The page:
As I write, I seem to recall putting together a post on this very subject. What caused me to put finger to keyboard in that instance? The fact that every single one of my patients turned up that day, the first ‘full house’ in over a year. It hasn’t happened again since, until today. What a coincidence.

Anyway, I hopped off the bus at Lothian Road and made my way down to the Exchange to catch the next one. And as I was on my way, a cursory pat of my various pockets revealed that I was walletless. After a repeated check of all possible pockets, pouches and orifices, I realised that it might still be on the bus from which I had recently alighted.

I took a moment to set my face into the expression of steely determination which seems to benefit the sprinter, and took off. I eventually caught up with it at the Mound. I was very pleased with myself. I staggered on board, taking a moment to explain my predicament to the driver via the medium of flailing hand gestures and assorted panting. Truth be told, I rather expected that having managed to catch the bus again, the wallet would still be on it. It’s quite hard to explain, but I almost felt like having negotiated half the length of Princes Street, it was only right that it should be there. That I was somehow entitled to find it, and that this was the way it would all work out. Naturally, it wasn’t there.

It is an extremely long walk from the Lothian Road to where I live. You’ll remember the day I lost my bus card, and the consternation it caused? This time, I didn’t have the luxury of paying with money instead. All my cards, money and a little bit of my soul were in the wallet, see? 

Anyway, I began to trudge home. Knowing how long it was going to take, and imagining the usurper of my wallet was already making extravagant purchases on Amazon with my debit card, I thought: ‘wouldn’t it be excellent to find a pound on the ground, with which I could get a bus home?’. I prayed that I would find one, but find one I did not. It seems you just can’t get a coincidence when you really need one.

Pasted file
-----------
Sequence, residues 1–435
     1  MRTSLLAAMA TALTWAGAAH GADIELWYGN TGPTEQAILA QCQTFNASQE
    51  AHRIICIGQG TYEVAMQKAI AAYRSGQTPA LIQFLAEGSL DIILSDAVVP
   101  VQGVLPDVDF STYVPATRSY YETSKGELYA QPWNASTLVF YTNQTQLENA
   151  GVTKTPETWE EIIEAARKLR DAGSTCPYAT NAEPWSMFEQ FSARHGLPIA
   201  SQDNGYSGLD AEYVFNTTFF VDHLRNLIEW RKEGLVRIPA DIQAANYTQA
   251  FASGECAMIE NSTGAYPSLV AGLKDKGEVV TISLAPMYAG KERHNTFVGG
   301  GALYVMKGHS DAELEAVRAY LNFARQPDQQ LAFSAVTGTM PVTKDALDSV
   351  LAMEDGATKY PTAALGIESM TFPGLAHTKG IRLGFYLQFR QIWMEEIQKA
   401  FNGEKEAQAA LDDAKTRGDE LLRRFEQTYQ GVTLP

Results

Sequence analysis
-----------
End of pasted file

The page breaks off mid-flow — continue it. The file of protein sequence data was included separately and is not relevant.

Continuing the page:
An hour-and-a-half later, I was home. Once I cancelled all my cards (enlisting the help of Mrs H whenever I was told I ‘didn’t have the authority’), I made a mental list of everything that would need to be sorted out if the wallet didn’t materialise. While I was doing so, Mrs H told me that she’d received a text from Arnold Clark (our mechanic of choice) reminding her that the car was due a service. Apparently, the text arrived as she was driving past that very branch of Arnold Clark on the way home from work.

Anyway, the next day, I got an email from the bank. Someone had handed the wallet in. I phoned the receptionist at the bank, who said that I could pop in to collect it at my convenience. So I did. And when I got there, I was greeted by a familiar face. The receptionist and I, it turned out, share the same bus back from work every day.

Now, all this is very strange. At the same time as I am pondering the nature of ‘coincidences’, they seem to be happening all the time. Is it just because I’m looking out for and remembering them? And if there really has been an increase in ‘coincidences’ (conjunctions of events that seem meaningful to me) what does that mean? Of all the people thinking these sort of thoughts, at least one of us is likely to perceive an increase in these ‘coincidences’ at the same time. Perhaps that’s what’s happened to me.